Judicial precedent (aka: case law, or judge-made law) is based on the doctrine of stare decisis, and mostly associated with jurisdictions based on the English common law, but the concept has been adopted in part by Civil Law systems. Precedent is the accumulated principles of law derived from centuries of decisions. Judgements passed by judges in important cases are recorded and become significant source of law. When there is no legislature on a particular point which arises in changing conditions, the judges depend on their own sense of right and wrong and decide the disputes from first principles. Authoritative precedent decisions become a guide in subsequent cases of a similar nature. The dictionary of English law defines a judicial precedent as a judgement or decision of a court of law cited as an authority for deciding a similar state of fact in the same manner or on the same principle or by analogy. Another definition [11] declares precedent to be," a decision in a court of justice cited in support of a proposition for which it is desired to contend".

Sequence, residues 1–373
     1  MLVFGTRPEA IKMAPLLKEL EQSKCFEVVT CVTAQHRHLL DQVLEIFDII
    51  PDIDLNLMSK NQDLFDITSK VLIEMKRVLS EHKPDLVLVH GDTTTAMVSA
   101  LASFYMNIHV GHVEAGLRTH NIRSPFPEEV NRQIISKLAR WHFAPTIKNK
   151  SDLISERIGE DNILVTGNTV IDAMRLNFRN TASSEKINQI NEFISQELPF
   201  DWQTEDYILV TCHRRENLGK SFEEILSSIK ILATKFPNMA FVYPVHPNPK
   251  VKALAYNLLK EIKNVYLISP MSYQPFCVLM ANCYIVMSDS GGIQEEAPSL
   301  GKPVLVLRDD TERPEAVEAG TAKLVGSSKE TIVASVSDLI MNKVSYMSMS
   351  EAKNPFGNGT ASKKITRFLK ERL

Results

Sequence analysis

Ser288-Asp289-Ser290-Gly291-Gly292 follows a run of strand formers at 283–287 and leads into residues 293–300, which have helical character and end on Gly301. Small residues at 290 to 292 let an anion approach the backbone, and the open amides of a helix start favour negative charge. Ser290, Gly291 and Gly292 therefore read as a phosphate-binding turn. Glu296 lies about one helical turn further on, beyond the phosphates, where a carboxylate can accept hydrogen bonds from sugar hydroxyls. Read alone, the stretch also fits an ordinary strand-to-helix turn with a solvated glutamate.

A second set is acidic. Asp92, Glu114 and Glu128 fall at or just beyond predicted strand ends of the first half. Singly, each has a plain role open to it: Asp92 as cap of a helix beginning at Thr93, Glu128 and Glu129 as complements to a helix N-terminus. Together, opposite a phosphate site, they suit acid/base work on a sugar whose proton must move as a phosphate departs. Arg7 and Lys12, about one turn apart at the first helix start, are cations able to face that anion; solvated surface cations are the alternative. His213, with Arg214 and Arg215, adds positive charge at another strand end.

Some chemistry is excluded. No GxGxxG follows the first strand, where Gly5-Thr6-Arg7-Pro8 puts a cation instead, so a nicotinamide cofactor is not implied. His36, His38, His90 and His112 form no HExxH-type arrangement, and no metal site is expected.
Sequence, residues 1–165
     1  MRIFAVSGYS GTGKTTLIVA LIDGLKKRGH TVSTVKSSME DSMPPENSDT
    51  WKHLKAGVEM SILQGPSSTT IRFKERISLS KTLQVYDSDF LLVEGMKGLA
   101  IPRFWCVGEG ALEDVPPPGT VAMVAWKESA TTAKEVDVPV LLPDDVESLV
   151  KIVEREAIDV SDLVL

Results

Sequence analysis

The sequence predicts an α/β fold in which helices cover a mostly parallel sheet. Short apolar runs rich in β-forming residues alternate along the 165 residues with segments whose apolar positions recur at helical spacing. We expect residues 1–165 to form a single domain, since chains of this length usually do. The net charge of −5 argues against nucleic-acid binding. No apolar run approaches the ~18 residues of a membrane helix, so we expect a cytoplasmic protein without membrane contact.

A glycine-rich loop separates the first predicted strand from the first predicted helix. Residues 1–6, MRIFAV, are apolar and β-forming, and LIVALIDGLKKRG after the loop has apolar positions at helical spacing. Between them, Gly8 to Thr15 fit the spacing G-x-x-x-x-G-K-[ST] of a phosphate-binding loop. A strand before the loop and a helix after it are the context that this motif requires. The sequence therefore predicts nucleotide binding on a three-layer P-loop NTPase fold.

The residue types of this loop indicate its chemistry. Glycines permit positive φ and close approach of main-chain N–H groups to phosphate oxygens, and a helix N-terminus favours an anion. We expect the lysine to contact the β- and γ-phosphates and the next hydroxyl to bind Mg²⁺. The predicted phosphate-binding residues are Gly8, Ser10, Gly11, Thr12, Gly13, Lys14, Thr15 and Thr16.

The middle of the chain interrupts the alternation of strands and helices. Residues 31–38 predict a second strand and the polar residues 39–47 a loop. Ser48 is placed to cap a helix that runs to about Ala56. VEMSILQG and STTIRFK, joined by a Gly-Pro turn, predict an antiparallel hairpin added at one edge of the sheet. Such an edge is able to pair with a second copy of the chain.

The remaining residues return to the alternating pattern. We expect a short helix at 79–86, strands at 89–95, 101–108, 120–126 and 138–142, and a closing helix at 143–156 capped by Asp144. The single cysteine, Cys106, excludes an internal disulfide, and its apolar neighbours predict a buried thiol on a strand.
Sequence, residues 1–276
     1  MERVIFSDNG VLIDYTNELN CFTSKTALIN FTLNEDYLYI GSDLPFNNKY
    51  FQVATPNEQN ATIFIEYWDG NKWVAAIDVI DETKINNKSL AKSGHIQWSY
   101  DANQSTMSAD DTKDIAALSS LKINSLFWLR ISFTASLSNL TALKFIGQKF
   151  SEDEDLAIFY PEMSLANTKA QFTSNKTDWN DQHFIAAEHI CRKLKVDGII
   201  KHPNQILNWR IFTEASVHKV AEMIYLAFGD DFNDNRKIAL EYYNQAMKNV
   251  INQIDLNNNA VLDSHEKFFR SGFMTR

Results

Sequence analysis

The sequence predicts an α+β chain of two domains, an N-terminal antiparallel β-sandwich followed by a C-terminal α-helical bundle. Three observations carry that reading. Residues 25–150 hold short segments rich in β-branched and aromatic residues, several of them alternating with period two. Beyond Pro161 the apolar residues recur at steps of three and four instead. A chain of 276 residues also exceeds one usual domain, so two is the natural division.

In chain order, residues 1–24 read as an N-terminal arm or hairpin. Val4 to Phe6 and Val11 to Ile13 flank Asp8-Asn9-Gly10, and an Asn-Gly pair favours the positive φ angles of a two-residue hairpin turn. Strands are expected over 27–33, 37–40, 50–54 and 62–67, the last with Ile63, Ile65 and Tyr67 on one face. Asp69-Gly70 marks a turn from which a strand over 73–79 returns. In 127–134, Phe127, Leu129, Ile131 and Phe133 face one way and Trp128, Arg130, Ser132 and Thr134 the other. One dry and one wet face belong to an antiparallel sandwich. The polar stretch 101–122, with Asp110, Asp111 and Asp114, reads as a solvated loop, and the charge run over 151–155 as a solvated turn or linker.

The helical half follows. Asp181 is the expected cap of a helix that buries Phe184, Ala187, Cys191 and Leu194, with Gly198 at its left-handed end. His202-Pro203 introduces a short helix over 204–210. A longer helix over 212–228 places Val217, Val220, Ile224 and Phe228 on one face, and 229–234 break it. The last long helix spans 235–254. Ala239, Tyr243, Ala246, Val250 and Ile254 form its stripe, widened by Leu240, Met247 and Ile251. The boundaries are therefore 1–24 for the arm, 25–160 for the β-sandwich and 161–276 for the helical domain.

Compared to other sources of law, precedent has the advantage of flexibility and adaptability, and may enable a judge to apply "justice" rather than "the law".

Equity (England only)

Equity is a source of law peculiar to England and Wales. Equity is the case law developed by the (now defunct) Court of Chancery.[12] Equity prevails over common law, but its application is discretionary. Equity's main achievements are: trusts, charities, probate, & equitable remedies. There are a number of equitable maxims, such as: “He who comes to equity must come with clean hands”.

Parliamentary Conventions (UK mainly)

(not to be confused with International Conventions)